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DeKalb County Board talks tax levies at workshop

SYCAMORE – Tax cuts were the focal point of discussions during a workshop on a proposed $73 million budget for DeKalb County Board members Wednesday, but any reduction to property tax bills seems unlikely.

Ken Andersen, R-Sycamore, offered the possibility of eliminating a proposed $300,000 increase in property tax revenue compared to last year by shifting that cost to reserve funds, which would increase reserve spending from $900,000 to $1.2 million – higher than an auditor’s recommendation.

But if the county eliminates the additional property tax revenue, which amounts to an extra $9.25 for homeowners compared to last year, it would take years for the county to make up the loss because of tax cap regulations, said Gary Hanson, deputy county administrator.

Hanson said there are inherent penalties in state law for not levying the total amount. For example, if the county were to bypass the $300,000 and cost-of-living adjustments and new construction only increased by 5 percent, the county would be able to levy only about $15,000 more than the previous year.

At that rate, Hanson said it would take nearly 20 years for the county to make up the $300,000. And the $300,000 in reserves Andersen suggested in lieu of the property tax revenue would not be an option every year, leaving future board members with a large funding hole to fill.

County Administrator Ray Bockman said the decision from previous boards to levy the full amount and save as much as possible is the reason the County Board has been able to spend $900,000 in reserves comfortably.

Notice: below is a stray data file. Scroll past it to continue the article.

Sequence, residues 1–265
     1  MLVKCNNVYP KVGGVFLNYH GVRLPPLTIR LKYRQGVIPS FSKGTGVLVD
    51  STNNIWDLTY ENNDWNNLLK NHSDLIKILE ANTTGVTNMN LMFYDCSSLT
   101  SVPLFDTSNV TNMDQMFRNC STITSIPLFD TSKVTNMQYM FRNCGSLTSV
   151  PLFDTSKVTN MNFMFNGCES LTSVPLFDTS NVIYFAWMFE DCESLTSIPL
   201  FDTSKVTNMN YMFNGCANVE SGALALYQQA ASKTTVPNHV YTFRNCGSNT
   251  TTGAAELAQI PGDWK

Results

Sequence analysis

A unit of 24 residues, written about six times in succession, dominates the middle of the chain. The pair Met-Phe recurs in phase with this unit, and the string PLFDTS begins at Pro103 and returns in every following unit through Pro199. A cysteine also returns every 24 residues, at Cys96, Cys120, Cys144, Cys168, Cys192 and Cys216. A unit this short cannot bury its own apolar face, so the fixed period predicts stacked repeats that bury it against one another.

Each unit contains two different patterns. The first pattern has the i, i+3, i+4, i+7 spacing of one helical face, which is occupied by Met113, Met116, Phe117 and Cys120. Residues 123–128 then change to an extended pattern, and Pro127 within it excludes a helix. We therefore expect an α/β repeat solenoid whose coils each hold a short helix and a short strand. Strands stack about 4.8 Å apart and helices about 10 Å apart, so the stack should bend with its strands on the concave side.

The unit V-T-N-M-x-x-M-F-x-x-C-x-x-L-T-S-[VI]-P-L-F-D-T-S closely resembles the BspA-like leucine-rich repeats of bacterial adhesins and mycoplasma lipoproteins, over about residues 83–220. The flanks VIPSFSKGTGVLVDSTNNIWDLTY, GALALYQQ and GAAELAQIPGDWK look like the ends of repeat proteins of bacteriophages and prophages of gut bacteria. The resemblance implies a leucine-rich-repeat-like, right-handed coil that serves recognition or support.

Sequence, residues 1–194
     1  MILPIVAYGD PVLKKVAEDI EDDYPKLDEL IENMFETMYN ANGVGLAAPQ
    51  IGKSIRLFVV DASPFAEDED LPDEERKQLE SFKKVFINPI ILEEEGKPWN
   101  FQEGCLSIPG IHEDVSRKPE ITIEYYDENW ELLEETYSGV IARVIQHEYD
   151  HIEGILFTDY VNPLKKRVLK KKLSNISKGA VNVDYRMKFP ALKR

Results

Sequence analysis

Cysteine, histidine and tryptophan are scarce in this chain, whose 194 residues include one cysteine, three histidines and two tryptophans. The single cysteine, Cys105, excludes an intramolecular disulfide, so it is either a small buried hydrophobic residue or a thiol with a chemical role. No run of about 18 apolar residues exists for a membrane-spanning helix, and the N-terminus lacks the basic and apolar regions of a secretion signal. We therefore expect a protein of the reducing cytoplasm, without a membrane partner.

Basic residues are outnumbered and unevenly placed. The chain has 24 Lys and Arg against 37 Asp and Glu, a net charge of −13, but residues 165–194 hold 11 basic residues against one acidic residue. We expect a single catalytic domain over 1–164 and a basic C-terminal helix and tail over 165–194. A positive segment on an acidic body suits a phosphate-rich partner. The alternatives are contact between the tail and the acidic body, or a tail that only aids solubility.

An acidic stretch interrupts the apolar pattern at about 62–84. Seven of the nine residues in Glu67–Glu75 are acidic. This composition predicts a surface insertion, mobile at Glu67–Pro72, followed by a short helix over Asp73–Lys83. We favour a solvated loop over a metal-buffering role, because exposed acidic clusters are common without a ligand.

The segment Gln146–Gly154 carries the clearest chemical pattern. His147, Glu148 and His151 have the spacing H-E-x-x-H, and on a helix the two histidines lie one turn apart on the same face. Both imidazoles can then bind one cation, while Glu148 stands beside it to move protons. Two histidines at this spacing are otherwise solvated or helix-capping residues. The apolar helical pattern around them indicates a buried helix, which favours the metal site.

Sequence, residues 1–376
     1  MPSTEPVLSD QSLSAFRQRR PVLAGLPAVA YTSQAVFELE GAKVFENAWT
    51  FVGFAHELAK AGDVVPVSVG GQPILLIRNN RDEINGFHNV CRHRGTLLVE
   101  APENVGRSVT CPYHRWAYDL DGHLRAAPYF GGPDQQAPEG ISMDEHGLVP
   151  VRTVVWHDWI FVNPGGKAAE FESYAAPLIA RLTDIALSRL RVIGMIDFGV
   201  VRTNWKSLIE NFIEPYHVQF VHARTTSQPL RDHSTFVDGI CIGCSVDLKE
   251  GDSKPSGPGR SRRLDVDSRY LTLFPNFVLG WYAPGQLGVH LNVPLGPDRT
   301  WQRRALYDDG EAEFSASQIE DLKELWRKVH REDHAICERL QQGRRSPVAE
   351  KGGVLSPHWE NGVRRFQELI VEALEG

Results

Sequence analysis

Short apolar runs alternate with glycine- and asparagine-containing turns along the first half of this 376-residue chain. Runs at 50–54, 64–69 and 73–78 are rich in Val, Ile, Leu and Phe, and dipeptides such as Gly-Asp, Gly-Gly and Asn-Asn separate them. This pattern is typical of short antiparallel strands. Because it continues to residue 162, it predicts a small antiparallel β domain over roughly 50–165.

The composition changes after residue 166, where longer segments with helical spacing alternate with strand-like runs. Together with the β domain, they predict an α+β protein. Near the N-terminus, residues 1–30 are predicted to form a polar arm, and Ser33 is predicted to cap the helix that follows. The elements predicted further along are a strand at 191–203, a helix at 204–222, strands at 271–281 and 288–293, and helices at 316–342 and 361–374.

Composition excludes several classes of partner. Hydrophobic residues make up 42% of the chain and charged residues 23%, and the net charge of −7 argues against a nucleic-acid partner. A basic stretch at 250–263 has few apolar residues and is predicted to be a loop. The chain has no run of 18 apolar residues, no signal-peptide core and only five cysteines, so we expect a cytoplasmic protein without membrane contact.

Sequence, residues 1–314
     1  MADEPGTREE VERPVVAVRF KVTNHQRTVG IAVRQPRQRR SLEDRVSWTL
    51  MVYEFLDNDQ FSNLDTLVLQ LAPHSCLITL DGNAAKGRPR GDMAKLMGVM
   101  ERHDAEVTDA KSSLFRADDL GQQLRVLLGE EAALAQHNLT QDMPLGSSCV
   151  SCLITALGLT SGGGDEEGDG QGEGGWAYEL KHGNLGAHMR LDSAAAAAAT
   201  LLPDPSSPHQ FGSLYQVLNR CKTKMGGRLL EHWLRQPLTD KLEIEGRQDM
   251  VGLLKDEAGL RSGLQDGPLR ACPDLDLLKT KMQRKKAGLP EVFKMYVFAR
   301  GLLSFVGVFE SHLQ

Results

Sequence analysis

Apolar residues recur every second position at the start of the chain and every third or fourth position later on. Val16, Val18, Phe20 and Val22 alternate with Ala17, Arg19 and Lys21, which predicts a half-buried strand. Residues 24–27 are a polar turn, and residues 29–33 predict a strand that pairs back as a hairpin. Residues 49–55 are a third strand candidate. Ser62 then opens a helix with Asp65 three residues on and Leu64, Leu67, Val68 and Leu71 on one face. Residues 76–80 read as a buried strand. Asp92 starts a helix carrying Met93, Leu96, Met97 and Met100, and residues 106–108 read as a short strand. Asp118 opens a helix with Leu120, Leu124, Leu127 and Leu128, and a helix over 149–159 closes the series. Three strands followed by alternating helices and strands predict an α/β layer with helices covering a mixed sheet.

“It’s not as politically popular that way, but that’s how you get fund balances,” Bockman said of the recommendation to not cut the levy amount. “In better times, people left [reserves] in place and spent less.”

Members also asked about health insurance costs, specific departments and other potential areas to cut.

Both administrators said board members can make any changes to the budget they want during the committee hearing process, which runs through October. Department heads can ask for more funding than what is proposed during the process. A public hearing will then take place in November before the County Board votes on a final budget.

While changes are sure to come before the final budget is passed, Bockman commended board members on smart financial planning in previous years, which has kept the county on solid financial ground.

“You’ve done a good job, pat yourself on your backs,” he said. “Look around, see how others are faring … it could be worse.”

The proposed budget is roughly $6 million less than last year because of a decline in federal grants and plummeting property values. The county’s assessed value is expected to decline by almost 9 percent, meaning the value of an average $200,000 house will fall to $182,000.

Reserve levels will drop from $10.5 million to $9.6 million.

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